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‘This Job Can Be Stressful, But It Is Almost Never Boring’

Vincent Gannuscio Firm: Roxborough Pomerance Nye & Adreani, Woodland Hills Vincent Gannuscio has spent 19 years in the legal profession. He specializes in workers’ compensation insurance disputes and business litigation about insurance coverage. Best part of the job: I get to do something different almost every day, whether it involves legal research, meetings, depositions, court hearings, mediations or any number of the myriad things we do as lawyers. I previously had my own solo business law and litigation practice, and still represent small- to medium-size businesses, and I’ve always relished the opportunity to get out of the office, meet my business clients and learn about their businesses. Plus, at my firm, I get to handle very interesting matters for very interesting clients. This job can be stressful, but it is almost never boring. Client-counsel connection: As someone who was a small businessman, I appreciate the opportunity to work with people who face the same issues I did – making enough to keep the lights on, pay rent and earn enough to eat.  I’ve never equated “important work” with big business or high dollar cases.  It is enough for me to do work that makes an actual, tangible difference to a business – and to the people behind them.  How law is changing: Computer and electronic-based work now predominates compared to when I started practicing law. Almost everything is done online, from legal research to document exchanges, to service and filing of court documents. This in many cases makes our business more efficient but presents new challenges. However, since I represent businesses, seeing how their businesses likewise change with the times puts the changes in our profession into perspective.  Role within the firm: I am an experienced trial lawyer – I was once, about a lifetime ago, a partner in an insurance defense litigation firm before opening my solo practice. And I apparently have some skill as a writer – I studied journalism in college and was trained to write in an organized manner on an expedited basis, which has helped me immensely in my legal writing. Lately, I have been getting more into the client development side, and this again gives me the opportunity to get out of the office and meet the people.  Personality traits of a power lawyer: My best qualities I owe to my mom, who unfortunately left us far too early. She was a wonderful, stubborn woman whose stubbornness helped her overcome illness and life challenges over and over again.  I’ll never experience half the challenges she did, but I learned from her to stay the course, overcome and eventually find success. Source of power for a “power attorney”: Apart from what I learned from my mom, I have found that if I can stay humble, grounded, find a bit of balance between work and life, and keep calm, it is then that I do my best work.  Memorable experience: I once had a case involving the Three Stooges. I also represented a very well-known musical artist after she and her boyfriend were in a bar fight. I never got to meet her, but I did get to meet her attorney.  Favorite out-of-office activities: I love nature, museums, history and traveling, so road trips – whether day tripor otherwise – are a great pastime for me.  It’s one of the reasons I love California so much.  One legal rule/ practice that needs changing: It just takes too long to get things done, especially when it comes to motion and trial practice. I’d like to say I had a solution to this problem. What clients should do: Come to me sooner when they have problems. Having been a businessman, I understand the reluctance to consult with counsel when a problem first arises – we are, after all, not cheap. But I’ve had quite a few clients who have come to me a few weeks too late, after a problem has become intractable and sometimes, when it’s too late to help.  Advice to prospective lawyers: If you are considering becoming a lawyer, but ultimately end up on the fence about it, then don’t. But if you want to be a lawyer, don’t listen to the naysayers. When I was in college, I had a “pre-law” professional discourage me from going to law school because there were “too many lawyers” and it would be impossible to get a job. I was miserable for the rest of my college tenure, until I decided to ignore the advice and go to law school. Law is difficult, stressful, demanding, and oftentimes a frustrating job, but I’ve never regretted it for a minute.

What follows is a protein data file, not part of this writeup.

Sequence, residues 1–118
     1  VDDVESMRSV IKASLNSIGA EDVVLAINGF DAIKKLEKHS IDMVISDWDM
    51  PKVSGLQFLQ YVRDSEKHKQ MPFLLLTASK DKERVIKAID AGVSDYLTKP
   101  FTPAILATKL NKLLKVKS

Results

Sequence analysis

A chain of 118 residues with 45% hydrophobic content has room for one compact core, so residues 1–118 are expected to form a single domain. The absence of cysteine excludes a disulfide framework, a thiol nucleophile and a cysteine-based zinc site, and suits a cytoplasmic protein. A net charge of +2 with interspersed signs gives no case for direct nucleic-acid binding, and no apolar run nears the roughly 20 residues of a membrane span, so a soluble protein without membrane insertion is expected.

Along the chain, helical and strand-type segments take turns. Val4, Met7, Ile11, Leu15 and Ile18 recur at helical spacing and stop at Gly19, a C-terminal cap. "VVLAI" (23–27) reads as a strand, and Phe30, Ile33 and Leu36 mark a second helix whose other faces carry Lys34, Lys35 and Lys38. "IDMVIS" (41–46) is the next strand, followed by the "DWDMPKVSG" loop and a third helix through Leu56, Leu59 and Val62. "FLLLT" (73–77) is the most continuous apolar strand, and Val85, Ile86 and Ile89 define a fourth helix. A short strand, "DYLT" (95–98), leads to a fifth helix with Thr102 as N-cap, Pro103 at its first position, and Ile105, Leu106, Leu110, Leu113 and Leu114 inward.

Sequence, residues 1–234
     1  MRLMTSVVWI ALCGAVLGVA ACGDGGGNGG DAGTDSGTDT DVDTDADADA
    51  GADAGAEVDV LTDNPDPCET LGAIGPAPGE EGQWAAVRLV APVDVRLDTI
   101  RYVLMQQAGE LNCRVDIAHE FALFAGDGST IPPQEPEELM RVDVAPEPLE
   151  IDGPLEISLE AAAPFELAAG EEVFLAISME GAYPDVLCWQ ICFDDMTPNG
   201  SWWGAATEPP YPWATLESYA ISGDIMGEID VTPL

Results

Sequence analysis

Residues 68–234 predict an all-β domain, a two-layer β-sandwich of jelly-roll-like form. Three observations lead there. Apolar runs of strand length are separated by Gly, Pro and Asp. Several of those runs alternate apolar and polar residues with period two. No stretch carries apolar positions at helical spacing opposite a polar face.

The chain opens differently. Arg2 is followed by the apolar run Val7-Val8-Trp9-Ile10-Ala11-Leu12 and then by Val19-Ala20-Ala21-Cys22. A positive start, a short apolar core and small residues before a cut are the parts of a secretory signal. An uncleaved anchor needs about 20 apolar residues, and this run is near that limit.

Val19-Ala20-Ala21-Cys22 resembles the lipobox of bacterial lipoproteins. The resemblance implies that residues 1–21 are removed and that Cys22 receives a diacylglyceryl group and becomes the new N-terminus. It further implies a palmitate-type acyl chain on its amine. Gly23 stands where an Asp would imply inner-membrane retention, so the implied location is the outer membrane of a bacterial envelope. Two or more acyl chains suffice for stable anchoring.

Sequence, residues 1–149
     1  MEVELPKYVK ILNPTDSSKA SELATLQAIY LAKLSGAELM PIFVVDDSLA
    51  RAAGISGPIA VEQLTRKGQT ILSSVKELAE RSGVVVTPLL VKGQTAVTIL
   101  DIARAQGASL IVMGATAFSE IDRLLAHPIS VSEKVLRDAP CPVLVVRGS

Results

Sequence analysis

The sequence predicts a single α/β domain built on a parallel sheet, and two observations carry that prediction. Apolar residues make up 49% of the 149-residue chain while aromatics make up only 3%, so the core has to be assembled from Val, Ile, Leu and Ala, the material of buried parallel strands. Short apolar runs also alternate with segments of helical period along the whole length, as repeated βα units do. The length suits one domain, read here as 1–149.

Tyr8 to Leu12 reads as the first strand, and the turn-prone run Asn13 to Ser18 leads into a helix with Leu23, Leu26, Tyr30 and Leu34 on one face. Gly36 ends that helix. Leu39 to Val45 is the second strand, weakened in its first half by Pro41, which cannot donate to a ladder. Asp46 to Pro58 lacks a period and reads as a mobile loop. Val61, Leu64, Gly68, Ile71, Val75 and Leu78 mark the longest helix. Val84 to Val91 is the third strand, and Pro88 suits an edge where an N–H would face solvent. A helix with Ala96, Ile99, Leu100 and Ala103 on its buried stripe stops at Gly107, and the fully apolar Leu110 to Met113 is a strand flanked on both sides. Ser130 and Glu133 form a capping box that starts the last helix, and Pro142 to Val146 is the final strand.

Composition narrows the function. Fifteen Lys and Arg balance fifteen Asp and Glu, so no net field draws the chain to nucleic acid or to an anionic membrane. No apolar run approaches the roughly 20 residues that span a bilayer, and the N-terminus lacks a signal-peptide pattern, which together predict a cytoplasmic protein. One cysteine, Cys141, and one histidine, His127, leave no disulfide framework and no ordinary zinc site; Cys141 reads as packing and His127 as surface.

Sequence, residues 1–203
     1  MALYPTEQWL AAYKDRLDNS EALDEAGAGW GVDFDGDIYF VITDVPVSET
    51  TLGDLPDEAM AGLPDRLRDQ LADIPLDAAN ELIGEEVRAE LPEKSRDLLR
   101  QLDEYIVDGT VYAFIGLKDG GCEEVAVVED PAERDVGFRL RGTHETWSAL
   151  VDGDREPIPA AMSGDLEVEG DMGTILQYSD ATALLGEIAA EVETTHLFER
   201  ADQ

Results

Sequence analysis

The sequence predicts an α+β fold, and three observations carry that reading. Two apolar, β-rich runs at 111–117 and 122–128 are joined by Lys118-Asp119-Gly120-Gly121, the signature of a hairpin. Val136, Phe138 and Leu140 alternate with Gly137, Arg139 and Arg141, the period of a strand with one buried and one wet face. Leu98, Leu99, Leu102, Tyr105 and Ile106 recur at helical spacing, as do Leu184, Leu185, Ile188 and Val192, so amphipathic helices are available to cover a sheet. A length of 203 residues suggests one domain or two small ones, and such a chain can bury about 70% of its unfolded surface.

Mark Madler
Mark Madler
Mark R. Madler covers aviation & aerospace, manufacturing, technology, automotive & transportation, media & entertainment and the Antelope Valley. He joined the company in February 2006. Madler previously worked as a reporter for the Burbank Leader. Before that, he was a reporter for the City News Bureau of Chicago and several daily newspapers in the suburban Chicago area. He has a bachelor’s of science degree in journalism from the University of Illinois, Urbana-Champaign.
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